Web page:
New Rule Will Bar Evidence Gained Through Torture
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The Pentagon is expected to issue a significant new rule this week. No longer will evidence gained under torture be allowed in the trials of suspected terrorists at Guantanamo Bay. The move comes just days before the Supreme Court hears arguments over the very legitimacy of the trials, which are called military commissions.
NPR's Jackie Northam reports.
JACKIE NORTHAM reporting:
From the first days of the so-called war on terrorism, the Pentagon has maintained that it does not condone the torture of suspected terrorists. But questions remain, particularly after the Abu Ghraib abuse scandal and revelations that the administration quietly drew up new, narrow definitions of torture.
Now, as the administration is about to argue the validity of the Guantanamo military trials, the question of torture rises again. Officials say that the Pentagon is issuing a new rule. No evidence obtained through torture can be used in the trials. Major Michael Shavers, a Pentagon spokesman, says up until now the Defense Department did not believe a written rule on this was necessary.
Major MICHAEL SHAVERS (Pentagon spokesman): The president has been clear in stating that the United States does not condone torture. And the Department of Defense, of course, abides by that admonition. And we had believed that a specific commission rule was not necessary and would potentially erroneously suggest that torture had actually occurred.
NORTHAM: Defense attorneys arguing against the military commissions say that the issue of evidence obtained through torture undermines the validity of the process. Lieutenant Colonel Brian Broyles, one of the defense lawyers at the Office of Military Commissions, says it's unclear what this new rule will do.
Lieutenant Colonel BRIAN BROYLES (Office of Military Commissions): It could entirely be a cosmetic change to the rules that would allow the prosecution to use evidence that was derived from torture.
NORTHAM: Broyles says if a detainee, for example, admits to being a member of al-Qaida while being tortured, then under this new rule his statement could not be used in court. But if they move the detainee to another room and continue to question him, are those new statements barred? Broyles points to another hypothetical.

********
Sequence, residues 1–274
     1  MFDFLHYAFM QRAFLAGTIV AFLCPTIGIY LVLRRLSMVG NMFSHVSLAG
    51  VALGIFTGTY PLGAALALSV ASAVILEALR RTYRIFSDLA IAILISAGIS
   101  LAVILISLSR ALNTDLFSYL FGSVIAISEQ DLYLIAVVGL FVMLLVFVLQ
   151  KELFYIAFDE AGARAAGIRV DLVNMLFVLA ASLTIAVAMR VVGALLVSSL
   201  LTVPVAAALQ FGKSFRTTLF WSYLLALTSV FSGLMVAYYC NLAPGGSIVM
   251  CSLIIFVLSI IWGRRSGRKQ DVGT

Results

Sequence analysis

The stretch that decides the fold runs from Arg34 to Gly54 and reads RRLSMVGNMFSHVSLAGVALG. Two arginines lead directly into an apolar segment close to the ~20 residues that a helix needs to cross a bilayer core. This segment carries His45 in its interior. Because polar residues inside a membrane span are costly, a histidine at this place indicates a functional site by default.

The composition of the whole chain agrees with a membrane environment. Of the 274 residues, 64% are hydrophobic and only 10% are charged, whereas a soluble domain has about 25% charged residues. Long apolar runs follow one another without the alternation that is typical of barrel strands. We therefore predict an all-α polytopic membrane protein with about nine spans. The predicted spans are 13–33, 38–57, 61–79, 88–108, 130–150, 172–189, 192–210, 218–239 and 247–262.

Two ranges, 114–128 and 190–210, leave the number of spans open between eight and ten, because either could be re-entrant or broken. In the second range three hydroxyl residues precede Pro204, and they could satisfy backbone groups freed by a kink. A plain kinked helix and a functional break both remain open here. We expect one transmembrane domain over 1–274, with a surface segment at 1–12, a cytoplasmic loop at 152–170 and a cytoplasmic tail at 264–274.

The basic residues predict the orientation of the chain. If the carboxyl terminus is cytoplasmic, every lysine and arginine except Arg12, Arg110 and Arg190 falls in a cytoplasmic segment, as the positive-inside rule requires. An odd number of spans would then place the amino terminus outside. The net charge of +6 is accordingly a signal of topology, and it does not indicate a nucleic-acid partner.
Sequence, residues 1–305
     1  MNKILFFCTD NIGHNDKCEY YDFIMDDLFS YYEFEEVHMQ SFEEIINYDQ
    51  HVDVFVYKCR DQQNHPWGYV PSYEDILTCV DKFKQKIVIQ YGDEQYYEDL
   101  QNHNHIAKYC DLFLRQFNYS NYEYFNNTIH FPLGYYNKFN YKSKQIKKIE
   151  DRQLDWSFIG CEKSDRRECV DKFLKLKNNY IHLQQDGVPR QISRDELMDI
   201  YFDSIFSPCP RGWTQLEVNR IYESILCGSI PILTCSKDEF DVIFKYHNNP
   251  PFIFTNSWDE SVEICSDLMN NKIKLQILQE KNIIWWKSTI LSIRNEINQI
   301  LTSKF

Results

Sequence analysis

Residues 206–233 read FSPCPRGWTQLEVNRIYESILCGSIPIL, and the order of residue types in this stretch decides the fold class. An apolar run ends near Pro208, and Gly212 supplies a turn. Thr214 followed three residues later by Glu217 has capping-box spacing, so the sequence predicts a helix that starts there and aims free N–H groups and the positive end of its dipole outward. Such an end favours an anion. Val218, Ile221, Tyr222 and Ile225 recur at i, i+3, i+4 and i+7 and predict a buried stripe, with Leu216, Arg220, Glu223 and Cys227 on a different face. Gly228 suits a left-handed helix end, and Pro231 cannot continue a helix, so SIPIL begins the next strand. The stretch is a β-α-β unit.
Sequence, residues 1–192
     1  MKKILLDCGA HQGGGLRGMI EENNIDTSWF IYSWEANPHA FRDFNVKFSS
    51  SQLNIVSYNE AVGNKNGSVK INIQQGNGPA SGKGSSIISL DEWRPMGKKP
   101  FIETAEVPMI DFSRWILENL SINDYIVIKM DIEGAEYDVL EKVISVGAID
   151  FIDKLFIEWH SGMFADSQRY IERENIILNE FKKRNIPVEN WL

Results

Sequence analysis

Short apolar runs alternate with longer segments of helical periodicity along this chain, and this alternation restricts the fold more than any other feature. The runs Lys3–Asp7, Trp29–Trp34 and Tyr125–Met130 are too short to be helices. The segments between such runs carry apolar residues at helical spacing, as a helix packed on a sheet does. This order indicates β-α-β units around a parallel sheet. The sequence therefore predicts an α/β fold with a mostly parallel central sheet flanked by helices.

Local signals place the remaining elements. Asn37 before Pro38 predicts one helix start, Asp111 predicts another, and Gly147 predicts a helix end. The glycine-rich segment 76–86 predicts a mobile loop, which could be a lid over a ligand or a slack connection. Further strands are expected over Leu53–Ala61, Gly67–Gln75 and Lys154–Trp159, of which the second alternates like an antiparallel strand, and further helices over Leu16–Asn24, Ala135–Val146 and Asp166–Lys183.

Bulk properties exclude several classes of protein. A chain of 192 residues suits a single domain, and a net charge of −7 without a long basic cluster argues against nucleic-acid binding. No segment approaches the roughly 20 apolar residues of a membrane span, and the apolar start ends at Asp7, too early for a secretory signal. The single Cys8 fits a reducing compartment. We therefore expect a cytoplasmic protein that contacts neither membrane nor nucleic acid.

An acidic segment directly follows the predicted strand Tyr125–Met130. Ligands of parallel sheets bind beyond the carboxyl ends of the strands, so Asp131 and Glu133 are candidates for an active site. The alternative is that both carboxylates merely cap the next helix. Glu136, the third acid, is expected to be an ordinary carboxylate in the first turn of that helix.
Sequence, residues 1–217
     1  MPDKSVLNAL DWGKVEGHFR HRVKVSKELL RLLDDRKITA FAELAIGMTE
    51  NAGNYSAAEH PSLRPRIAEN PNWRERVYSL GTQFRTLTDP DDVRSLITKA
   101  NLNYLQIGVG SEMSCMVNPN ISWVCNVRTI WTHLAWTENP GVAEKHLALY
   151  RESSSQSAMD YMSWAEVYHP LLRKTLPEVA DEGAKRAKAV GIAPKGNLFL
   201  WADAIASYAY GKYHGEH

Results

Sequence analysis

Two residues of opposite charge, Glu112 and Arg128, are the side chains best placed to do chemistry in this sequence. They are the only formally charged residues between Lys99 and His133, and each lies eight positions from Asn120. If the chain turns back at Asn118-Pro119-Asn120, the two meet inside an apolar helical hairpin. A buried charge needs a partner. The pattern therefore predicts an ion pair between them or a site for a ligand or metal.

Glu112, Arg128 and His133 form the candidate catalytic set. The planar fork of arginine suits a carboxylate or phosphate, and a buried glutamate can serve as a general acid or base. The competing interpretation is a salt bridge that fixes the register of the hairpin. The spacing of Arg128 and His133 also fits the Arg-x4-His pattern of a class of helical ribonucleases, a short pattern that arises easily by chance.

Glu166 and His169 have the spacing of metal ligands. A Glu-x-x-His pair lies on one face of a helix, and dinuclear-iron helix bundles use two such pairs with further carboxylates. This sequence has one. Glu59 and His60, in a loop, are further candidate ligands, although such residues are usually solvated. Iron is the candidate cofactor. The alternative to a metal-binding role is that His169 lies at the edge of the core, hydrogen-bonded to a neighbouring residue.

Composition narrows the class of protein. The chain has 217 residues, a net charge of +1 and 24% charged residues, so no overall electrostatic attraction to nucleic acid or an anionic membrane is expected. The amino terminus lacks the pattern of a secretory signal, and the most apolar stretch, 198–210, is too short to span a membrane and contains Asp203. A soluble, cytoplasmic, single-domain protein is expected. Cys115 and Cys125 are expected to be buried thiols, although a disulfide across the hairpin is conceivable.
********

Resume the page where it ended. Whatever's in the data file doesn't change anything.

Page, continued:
Lieutenant Colonel BROYLES: Two guys are side by side. Prisoner No. 1 is beaten. They then walk into cell No. 2 and say, okay, we have some questions for you, and that person immediately starts talking. Was that statement derived from torture?
NORTHAM: Much depends on the definition of torture, says Michael Scharf, with the Case Western Reserve University School of Law and the director of the Cox Center War Crimes Research Office. Scharf says most decisions about evidence at the military commissions are made by its chief prosecutor, Colonel Morris Davis. Earlier this month he gave a speech and took questions from students at Case. Scharf says Davis was asked what he would consider to be torture.
Mr. MICHAEL P. SCHARF (Case Western Reserve University School of Law): Colonel Davis said, I will tell you one thing, that if someone stuck a hot iron in someone's eye, I would think that was torture. And that actually troubled me, because he used a very egregious example as something that he would consider torture, which might imply that things less than that would not, in his opinion, amount to torture.
NORTHAM: The other unanswered question under this new rule would be who has the burden of proof over allegations of torture, the defense, which has to prove it happened, or the prosecution, to show there was no torture? Either way, the new rule will likely come up during arguments before the Supreme Court next week.
Jackie Northam, NPR News, Washington.
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